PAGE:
Welcome to the Middle East Today

The Middle East has traditionally been important for the world economy. The Middle East situation today has an impact on all aspects of life in America and much of the world.

Only by understanding the motivations of the various factions in the Middle East can we hope to understand how to promote peace and national security for Middle Eastern nations, Europe, and the United States.

Apr 30, 2011

Wall Street and Oil Companies Greed

American consumers have been complaining about the increasing fuel prices, which have exceeded $4.15 per gallon. In 2008 a similar wave of oil price increase took place and the American consumers began to complain. At that time, some American politicians began to feel the pressure from voters and promised to investigate the matter. At the same time, the Saudi oil minister, in a public statement, said they have nothing to do with the increase in oil prices. Those responsible for it are part of Wall Street. A few weeks later, it was revealed that two Dutch financial Commodity firms and an American firm at Wall Street were behind the increase in oil prices. Exxon Mobil posted $42.2 bullion as record profit in 2008.

Again, a few days ago President Obama’s response to the public’s complaints about the increase in oil price was that the situations needed to be investigated to see if there is price manipulation. President Obama is well aware of how the gambling casino of Wall Street operates. Commodity prices are manipulated by the greedy gamblers of Wall Street, who profit greatly from such games, all under the concept of capitalism, supply and demand and free enterprise. At the end of the game, it is the American consumer in particular who ends up paying the price for the needed commodity. Also, the rest of the world’s consumers are also being affected in some ways as well. It was reported that in 2011 Exxon Mobil Company $10.7 billion as first quarter earning

The Saudi President of Aramco Oil Company, Mr. Khalid al-Falih, expressed his concern about the increases in oil prices. He said that there is no shortage of oil in the world market. He further stressed that the Saudi oil company has a surplus and even has the capacity to produce more than 9 million barrels of oil per day if there is a demand for it. Mr. al-Falih expressed his concern about the increasing cost of oil on the world economy. (www.ahram.org, 4/27/2011).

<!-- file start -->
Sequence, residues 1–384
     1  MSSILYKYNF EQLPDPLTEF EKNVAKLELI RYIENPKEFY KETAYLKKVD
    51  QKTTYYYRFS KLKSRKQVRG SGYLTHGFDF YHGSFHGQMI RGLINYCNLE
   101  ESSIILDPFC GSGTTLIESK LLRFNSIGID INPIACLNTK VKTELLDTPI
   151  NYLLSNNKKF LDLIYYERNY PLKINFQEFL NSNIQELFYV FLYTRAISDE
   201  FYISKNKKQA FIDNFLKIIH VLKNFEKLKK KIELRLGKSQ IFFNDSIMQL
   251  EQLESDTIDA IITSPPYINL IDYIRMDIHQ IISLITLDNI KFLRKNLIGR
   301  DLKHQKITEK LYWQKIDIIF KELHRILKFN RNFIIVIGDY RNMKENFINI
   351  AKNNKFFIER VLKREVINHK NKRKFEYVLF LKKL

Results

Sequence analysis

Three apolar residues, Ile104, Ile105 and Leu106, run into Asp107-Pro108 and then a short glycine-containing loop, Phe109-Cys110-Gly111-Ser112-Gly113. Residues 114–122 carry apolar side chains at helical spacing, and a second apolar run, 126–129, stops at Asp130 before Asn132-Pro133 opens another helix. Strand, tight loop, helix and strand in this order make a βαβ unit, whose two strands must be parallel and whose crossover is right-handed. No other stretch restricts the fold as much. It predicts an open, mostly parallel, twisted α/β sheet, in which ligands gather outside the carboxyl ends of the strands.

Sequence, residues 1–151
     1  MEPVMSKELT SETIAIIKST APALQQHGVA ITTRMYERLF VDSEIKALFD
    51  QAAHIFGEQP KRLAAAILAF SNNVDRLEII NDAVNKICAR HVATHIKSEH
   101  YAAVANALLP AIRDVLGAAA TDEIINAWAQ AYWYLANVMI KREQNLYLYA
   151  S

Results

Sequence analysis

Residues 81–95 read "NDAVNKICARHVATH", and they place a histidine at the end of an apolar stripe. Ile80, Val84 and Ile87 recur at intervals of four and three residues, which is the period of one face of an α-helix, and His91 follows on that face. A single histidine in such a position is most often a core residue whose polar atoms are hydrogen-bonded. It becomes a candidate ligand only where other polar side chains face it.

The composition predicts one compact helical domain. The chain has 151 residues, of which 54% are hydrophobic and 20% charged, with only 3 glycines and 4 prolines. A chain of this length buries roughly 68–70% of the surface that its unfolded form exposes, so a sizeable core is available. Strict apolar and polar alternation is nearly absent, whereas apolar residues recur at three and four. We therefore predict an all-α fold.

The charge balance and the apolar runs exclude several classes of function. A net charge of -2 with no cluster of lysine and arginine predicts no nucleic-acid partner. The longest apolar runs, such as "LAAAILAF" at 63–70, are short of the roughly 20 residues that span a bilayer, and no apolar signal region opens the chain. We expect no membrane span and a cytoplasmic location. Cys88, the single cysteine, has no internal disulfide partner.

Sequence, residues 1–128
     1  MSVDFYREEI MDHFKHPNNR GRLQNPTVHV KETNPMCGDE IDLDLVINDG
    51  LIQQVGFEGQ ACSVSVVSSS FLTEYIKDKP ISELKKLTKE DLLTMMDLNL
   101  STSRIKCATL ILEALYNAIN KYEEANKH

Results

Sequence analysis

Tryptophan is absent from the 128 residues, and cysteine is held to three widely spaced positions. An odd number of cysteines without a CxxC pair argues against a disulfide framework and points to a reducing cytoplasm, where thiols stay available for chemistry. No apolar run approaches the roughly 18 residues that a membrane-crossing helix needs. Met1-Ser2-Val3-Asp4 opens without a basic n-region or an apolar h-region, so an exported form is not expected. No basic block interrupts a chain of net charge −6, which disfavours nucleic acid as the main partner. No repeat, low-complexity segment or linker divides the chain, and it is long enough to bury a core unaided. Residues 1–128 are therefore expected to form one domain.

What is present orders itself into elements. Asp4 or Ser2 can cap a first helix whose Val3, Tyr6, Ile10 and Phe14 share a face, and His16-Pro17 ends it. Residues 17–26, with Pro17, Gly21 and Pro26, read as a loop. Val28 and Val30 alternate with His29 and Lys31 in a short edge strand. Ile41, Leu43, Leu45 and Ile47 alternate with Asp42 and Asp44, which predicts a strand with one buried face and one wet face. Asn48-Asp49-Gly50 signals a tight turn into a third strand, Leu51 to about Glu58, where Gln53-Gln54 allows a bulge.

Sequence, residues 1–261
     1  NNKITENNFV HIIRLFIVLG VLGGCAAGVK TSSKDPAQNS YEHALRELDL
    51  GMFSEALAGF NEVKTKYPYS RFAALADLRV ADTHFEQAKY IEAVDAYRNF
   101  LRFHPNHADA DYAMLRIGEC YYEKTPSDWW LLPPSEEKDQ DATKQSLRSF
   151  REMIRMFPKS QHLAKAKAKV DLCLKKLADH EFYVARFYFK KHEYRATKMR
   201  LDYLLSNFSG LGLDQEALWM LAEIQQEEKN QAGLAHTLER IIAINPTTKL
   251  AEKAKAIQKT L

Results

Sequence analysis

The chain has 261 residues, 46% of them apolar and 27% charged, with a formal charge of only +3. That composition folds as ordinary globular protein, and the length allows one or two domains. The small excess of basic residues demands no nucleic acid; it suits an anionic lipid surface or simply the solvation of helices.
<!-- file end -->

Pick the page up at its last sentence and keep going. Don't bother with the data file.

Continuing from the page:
The Saudi Aramco Oil Company is the biggest oil producer in the world and they are in control of 25% of the oil reserves in the world. It is of interest to know that the Saudi government is more concerned about the world economy than the greedy oil companies and gamblers of Wall Street are. They always look for an excuse to justify their unnatural bidding on commodities that ends up netting them billions of dollars in profit. For example, they used the protestors movements in the Middle East as an excuse to create the fear that oil shipment to consumers would be in danger and began their higher bidding on what the future cost would be. To illustrate this point further, the latest clashes in Syria between protestors and the Syrian army was used as an excuse by Wall Street gamblers to justify their phony claims. First of all, Syria is not an oil producing country that the world depends on. Second, what is happening in Syria is far away from the countries that produce oil and that the world’s oil consumers depend on.

Those who should be blamed for the abuse of the American consumers are American politicians who are elected by the consumers. The tragedy is reflected in the American political system, because voters put politicians in office to represent their interests. However, in reality, politicians are being influenced by lobbyists who represent not just oil companies, but big industrial corporations, who end up paying for the cost of their election.

The Lobbyists ended up spending $3.5 billion last year (2010) to grease the wheels of American politicians. I would say, without hesitation, that the majority of the American voters are politically illiterate. Wall Street needs to be regulated for the benefit of all and not only a few. The taxpayers should have not bailed out Wall Street in 2008, because in the end this benefitted those who needed the benefit the least.

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